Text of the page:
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La Liga de Las Americas

Latino workers round up their resources to face rough economic trend


At a time when economic trends and policies unravel in a way that will impact Michigan as the principal host of the auto industry, community initiatives are developing a proactive stance to help circumvent the adverse effects on workers and their families.

“It’s time to circle the wagons,” says Rudy Reyes, conference co-coordinator for the 2006 Latina/o Workers Leadership Institute (LWLI). “We are being attacked on many fronts as workers, union members and Latina/os.”

LWLI is a labor education program sponsored by the Labor Studies Center, a component of The University of Michigan’s Institute of Labor and Industrial Relations. The three-day conference is designed by rank and file union members to address sensitive issues faced by Latina/o workers, and gives participants the opportunity to reflect and act on an assortment of current issues through training and tactical initiatives for Latina/o workers.

 “We need to come together as a community of unionists and a family of Latina/os,” added Julie Alavardo-Zuzga, also a conference co-coordinator for the 2006 LWLI.  “We have a number of in-house resources who can help us emerge from the pressing job and economic crisis.”

The Latina/o Workers Leadership Institute is scheduled for April 6-9, 2006, at the Marriott Hotel in Ypsilanti, Michigan, and will include a set of workshops and speakers, who will delineate the tactics and resources of which Reyes and Alvarado-Zuzga speak.

Health and retirement benefits are two of the critical issues being debated by the auto industry and the United Auto Workers.  Reduction in these benefits threatens salaried workers and retirees as U.S. automakers press for the equivalent of a wage cut for its union workers and take-backs from its retirees.

Roy Rodríguez and Anna Montalvo, presidents of UAW and AFSCME Locals respectively, will facilitate Re/Building our Unions: Activism from the Bottom Up, a workshop to enhance members’ participation in their labor organizations’ activities in a way that empowers both workers and unions.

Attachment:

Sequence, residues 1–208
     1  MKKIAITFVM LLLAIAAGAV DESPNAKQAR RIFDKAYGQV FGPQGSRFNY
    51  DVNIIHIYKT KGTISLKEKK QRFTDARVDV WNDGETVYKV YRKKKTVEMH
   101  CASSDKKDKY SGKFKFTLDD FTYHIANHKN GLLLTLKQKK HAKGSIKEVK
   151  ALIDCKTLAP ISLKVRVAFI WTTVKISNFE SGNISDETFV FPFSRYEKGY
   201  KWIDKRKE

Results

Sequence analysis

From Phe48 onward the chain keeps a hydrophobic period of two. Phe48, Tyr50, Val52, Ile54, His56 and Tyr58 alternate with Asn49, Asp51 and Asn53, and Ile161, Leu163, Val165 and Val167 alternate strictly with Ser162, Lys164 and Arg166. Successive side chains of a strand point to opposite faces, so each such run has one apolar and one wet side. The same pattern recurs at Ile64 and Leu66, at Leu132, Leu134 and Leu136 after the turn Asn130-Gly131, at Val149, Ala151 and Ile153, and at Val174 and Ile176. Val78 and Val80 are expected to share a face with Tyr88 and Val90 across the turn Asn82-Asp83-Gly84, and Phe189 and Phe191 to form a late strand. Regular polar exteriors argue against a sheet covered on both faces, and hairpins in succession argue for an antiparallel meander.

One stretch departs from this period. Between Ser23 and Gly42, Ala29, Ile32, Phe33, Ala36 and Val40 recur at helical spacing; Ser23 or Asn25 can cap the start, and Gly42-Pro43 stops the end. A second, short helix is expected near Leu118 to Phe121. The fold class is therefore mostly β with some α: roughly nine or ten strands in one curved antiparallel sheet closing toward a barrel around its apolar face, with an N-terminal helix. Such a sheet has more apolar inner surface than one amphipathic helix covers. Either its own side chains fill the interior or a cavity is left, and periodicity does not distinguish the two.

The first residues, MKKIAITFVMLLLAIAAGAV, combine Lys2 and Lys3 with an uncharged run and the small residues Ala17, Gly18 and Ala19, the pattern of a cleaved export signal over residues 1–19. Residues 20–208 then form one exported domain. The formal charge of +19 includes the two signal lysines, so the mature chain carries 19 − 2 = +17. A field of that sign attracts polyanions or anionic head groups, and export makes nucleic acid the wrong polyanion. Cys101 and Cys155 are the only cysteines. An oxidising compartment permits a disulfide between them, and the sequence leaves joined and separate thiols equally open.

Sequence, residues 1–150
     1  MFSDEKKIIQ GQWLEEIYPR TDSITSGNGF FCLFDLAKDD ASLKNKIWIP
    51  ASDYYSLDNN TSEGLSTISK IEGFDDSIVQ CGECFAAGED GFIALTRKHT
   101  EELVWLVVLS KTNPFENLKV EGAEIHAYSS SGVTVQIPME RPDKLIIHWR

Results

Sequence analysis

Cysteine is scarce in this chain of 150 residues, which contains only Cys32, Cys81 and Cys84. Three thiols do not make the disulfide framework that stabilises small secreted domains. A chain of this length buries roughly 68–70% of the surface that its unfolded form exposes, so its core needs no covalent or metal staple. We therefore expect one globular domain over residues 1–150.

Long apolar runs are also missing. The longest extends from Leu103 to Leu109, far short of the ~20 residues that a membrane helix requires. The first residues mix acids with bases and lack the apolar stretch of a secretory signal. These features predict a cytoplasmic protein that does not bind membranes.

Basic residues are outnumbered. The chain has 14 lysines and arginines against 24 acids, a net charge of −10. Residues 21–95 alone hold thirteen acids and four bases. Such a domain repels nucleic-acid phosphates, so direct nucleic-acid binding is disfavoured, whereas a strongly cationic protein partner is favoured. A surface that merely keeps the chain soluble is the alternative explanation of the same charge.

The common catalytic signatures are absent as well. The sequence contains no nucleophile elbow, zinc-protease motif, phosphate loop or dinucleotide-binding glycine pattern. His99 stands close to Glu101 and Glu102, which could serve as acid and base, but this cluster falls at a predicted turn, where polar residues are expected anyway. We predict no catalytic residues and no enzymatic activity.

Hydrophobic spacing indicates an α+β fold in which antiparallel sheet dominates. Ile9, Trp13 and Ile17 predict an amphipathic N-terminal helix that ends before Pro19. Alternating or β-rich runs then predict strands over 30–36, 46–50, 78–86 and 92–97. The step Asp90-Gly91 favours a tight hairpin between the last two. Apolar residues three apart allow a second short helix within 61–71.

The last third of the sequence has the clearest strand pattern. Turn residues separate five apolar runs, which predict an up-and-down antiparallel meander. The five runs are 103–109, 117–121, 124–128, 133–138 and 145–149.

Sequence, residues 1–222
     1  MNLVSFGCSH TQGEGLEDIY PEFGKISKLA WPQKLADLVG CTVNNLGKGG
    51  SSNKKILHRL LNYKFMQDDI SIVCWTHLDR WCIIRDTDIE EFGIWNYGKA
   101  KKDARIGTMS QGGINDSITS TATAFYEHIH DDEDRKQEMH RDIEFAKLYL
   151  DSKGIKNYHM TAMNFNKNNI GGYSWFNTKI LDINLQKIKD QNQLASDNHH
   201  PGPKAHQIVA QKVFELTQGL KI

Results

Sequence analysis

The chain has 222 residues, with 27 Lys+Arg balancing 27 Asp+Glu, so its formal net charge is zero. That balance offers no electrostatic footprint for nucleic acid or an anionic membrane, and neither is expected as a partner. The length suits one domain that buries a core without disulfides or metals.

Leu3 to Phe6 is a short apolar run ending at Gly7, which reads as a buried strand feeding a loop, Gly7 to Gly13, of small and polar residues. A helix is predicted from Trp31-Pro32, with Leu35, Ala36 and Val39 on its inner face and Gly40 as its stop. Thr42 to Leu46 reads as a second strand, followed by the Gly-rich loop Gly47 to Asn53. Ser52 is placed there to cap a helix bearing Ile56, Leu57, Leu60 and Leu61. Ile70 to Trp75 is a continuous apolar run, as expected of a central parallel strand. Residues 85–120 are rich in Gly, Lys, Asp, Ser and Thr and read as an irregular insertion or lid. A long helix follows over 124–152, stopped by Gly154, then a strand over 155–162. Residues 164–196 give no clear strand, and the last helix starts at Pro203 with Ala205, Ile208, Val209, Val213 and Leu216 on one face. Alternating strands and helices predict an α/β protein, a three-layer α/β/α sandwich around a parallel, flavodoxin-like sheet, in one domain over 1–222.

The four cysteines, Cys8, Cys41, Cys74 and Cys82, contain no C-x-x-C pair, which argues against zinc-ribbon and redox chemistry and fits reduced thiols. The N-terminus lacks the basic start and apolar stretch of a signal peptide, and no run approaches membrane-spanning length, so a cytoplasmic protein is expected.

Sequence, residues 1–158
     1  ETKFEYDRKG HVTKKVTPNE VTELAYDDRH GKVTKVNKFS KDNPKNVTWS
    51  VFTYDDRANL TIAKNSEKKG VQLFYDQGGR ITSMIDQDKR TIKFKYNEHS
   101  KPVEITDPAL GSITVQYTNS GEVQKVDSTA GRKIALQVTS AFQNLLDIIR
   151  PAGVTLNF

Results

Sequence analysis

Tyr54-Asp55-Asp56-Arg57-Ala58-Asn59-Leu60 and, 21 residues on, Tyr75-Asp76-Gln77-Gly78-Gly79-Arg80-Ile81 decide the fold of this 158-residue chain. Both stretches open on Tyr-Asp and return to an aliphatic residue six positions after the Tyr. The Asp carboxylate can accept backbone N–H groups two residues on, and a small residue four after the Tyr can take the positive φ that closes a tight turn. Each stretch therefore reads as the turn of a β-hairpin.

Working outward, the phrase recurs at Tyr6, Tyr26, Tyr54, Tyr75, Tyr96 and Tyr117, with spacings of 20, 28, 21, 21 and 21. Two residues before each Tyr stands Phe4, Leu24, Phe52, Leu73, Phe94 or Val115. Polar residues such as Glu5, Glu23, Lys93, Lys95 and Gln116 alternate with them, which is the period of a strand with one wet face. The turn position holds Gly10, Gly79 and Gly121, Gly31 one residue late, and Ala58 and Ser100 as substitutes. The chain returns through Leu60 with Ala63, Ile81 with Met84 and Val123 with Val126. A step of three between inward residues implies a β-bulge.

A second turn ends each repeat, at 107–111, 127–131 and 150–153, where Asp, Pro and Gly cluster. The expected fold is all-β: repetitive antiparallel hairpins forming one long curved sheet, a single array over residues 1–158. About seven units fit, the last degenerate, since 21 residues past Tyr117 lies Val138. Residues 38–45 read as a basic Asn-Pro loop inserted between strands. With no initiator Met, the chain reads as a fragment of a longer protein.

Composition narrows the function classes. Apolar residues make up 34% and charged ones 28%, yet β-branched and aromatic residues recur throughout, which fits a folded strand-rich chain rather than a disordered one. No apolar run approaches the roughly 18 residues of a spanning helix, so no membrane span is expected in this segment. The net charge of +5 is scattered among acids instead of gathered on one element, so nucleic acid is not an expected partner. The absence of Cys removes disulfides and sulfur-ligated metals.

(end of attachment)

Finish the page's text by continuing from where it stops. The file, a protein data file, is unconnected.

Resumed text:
With the increase of Latina/os participating in the electoral process, voting may be only a part of the solution. “Voting for the right candidate becomes an added concern,” says Paul Vásquez, a keynote speaker and workshop facilitator.

“In many cases our own [union] sisters and brothers become a liability against our interests by voting for politicians who care more for their lobbyists than their constituents.”

Vásquez, coordinator of the AFL-CIO’s Southwest Region, is a native of Flint, Michigan, but currently is based in San Antonio, Texas; Vásquez leads a voter education campaign and will be facilitating the workshop My Vote, My Job: Electoral Politics and Unemployment along with Henry Sánchez, chair of the Michigan Latino Democratic Caucus and active Communications Workers of America (CWA) union member.

The 2006 Latina/o Workers Leadership Institute conference theme is Latinas Unidas Seran Vencidas, or, The People United Will Never be Defeated, “which is a direct reflection of our historical past and points to our strength as a Latina/o community, which has never succumbed to victimization,” according to Dr. Jerry García, History Professor at Michigan State University.

García will teach the workshop La Onda Latina: Pride in Our Culture.

Ana Luisa Cardona, co-instructor of the workshop and an Arts Education Specialist for the Michigan Department of Education, continues, “This workshop focuses on the Latino community’s rich history of creatively confronting adversity by pulling together as workers, families and communities that draw strength from our culture and traditions as we create new responses to today’s challenges.”

While macro-politics in the capitol’s corporations and union halls carve the fate that many workers will face, the Latina/o Workers Leadership Institute will open a forum in which solutions to potential problems can be discussed to create a safety net that uses the social capital of the “Barrios.”

For more information on the Latina/o Workers Leadership Institute, please call 734.764.0492 or visit the University of Michigan Labor Studies Center’s website at http://www.ilir.umich.edu/lsc and click on the LWLI conference title.






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